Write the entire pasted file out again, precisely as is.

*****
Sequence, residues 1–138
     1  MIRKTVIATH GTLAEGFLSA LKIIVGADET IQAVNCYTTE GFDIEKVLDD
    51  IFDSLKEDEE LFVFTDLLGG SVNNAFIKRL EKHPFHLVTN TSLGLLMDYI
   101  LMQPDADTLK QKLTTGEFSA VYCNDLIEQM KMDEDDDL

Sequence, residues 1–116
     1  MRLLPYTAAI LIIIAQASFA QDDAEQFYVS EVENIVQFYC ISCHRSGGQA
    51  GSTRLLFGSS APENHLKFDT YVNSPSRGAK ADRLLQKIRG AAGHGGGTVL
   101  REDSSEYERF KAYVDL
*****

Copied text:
Sequence, residues 1–138
     1  MIRKTVIATH GTLAEGFLSA LKIIVGADET IQAVNCYTTE GFDIEKVLDD
    51  IFDSLKEDEE LFVFTDLLGG SVNNAFIKRL EKHPFHLVTN TSLGLLMDYI
   101  LMQPDADTLK QKLTTGEFSA VYCNDLIEQM KMDEDDDL

Sequence, residues 1–116
     1  MRLLPYTAAI LIIIAQASFA QDDAEQFYVS EVENIVQFYC ISCHRSGGQA
    51  GSTRLLFGSS APENHLKFDT YVNSPSRGAK ADRLLQKIRG AAGHGGGTVL
   101  REDSSEYERF KAYVDL